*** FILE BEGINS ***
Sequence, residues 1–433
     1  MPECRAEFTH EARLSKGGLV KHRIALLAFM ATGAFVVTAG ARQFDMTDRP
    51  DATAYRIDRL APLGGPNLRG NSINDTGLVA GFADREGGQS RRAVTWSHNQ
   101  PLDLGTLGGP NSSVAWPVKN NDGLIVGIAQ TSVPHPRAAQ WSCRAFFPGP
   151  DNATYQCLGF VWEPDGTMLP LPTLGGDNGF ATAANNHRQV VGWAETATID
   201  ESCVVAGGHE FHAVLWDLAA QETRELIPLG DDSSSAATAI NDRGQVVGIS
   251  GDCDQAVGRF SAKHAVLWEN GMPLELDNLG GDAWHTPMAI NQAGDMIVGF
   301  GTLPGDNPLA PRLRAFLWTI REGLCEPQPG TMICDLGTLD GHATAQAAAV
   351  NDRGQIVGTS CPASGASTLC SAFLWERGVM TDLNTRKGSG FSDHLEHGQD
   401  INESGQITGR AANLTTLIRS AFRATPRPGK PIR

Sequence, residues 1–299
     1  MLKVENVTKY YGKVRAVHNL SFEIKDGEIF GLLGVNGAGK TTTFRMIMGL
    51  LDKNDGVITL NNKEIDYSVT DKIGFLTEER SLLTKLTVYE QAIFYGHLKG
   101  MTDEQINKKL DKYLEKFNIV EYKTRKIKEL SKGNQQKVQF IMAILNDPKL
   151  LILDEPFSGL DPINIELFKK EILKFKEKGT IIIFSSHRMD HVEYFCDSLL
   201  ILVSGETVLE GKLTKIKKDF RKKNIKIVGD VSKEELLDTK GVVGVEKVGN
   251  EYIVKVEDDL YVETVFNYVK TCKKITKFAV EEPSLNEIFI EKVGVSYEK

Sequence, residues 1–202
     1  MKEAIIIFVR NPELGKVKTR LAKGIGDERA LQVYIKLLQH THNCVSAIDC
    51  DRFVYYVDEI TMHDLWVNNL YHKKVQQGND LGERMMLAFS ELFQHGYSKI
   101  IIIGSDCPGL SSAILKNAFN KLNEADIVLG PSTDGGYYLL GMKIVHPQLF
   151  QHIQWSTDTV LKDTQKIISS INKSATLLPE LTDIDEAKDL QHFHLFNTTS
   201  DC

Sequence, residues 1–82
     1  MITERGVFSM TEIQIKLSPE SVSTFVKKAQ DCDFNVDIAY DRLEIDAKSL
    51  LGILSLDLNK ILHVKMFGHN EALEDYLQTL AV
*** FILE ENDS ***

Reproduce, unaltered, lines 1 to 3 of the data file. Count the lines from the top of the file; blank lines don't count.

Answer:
Sequence, residues 1–433
     1  MPECRAEFTH EARLSKGGLV KHRIALLAFM ATGAFVVTAG ARQFDMTDRP
    51  DATAYRIDRL APLGGPNLRG NSINDTGLVA GFADREGGQS RRAVTWSHNQ